1st Edition

Conferring in the Math Classroom A Practical Guidebook to Using 5-Minute Conferences to Grow Confident Mathematicians

By Gina Picha Copyright 2022

    All students enter our math classrooms with ideas worthy of discussion. Some of the most effective breakthroughs come from short, intentional conversations between students and teacher, yet planning for these moments can seem daunting. In her innovative book, Conferring in the Math Classroom: A Practical Guidebook to Using 5-Minute Conferences to Grow Confident Mathematicians, Gina Picha focuses on simple and transformative ways teachers can use math conferences, short conversations between teachers and small groups of students at work, to guide instruction, assess understanding, and build strong math thinkers.

    Inside you will learn to:

    • Facilitate math conferences to listen to students, identify and build on their strengths, and encourage them to share their math thinking
    • Build a positive math identity that will help nurture student-centered math classrooms
    • Ask exploratory questions to gain data-driven insight into their math reasoning and plan the next steps for instruction
    • Provide differentiated math instruction based on the individual or small group needs
    • Drive engaging and interactive math talk in the classroom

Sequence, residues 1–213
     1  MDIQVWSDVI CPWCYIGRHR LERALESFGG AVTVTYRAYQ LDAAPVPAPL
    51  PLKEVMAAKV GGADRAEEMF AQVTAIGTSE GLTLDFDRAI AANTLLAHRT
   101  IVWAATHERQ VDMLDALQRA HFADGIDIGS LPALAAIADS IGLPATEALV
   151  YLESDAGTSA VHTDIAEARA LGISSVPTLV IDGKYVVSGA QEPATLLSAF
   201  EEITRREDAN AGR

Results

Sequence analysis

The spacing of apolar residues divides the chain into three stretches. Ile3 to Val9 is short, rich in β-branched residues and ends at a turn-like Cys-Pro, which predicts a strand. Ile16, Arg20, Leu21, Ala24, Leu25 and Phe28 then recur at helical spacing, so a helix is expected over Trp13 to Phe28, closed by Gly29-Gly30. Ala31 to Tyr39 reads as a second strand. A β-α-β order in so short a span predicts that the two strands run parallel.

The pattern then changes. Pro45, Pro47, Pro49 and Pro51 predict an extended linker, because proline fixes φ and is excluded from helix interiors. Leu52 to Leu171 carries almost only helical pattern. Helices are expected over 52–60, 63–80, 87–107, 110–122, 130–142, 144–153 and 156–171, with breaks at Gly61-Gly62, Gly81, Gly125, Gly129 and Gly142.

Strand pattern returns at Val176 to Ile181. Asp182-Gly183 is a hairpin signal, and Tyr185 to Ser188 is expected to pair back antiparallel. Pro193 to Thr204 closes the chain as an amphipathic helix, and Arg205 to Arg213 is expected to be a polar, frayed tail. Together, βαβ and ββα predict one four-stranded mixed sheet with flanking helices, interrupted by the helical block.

Picha includes teacher questioning guides, If-Then charts organized by grade level and math topic, and note-taking templates to help you get started with math conferring right away.

    This practical and highly accessible approach can help students deepen their math understanding, build confidence in their math abilities, and connect learnings between math subjects.

    Part 1: Math Conferences; Chapter 1: Defining Math Conferences; Chapter 2: The Similarities and Differences between Math and Literacy Conferences; Chapter 3: Types of Math Conferences; Part 2: Effective Questioning; Chapter 4: Questioning to Promote Thinking and Understanding; Chapter 5: Selecting Questions for Specific Purposes; Part 3: Asset-Based Conferring; Chapter 6: Conferring from Students' Strengths; Chapter 7: Nudging Student Thinking and Inviting Conjecture in Beyond the Task Conferences; Part 4: Planning for Success; Chapter 8: Building a Math Community that Fosters Positive Math Identities; Chapter 9: Planning for Data Collection and Analysis; Chapter 10: Planning for the Tricky Parts


    Gina Picha, Ed.D. received her master’s degree in education from Aurora University and her doctoral degree in curriculum and instruction from Concordia University-Austin.  Gina has worked in education for the past fourteen years teaching kindergarten, first grade, fifth grade, and as an elementary instructional coach, K–12 curriculum specialist and K–5 district math coordinator. She is currently an elementary mathematics curriculum writer living in Austin, TX with her husband, Deric, and two sons, Nolan and Cort. 

    “Teachers who are trying to really listen to and learn from their students in math class will find a lot of helpful guidance here. Gina Picha stays true to her belief in children as powerful mathematical sense-makers while explicitly addressing ways to help them develop mathematical identity and autonomy in empowering ways.” —Ruth Parker, mathematics educator, author and co-developer of Number Talks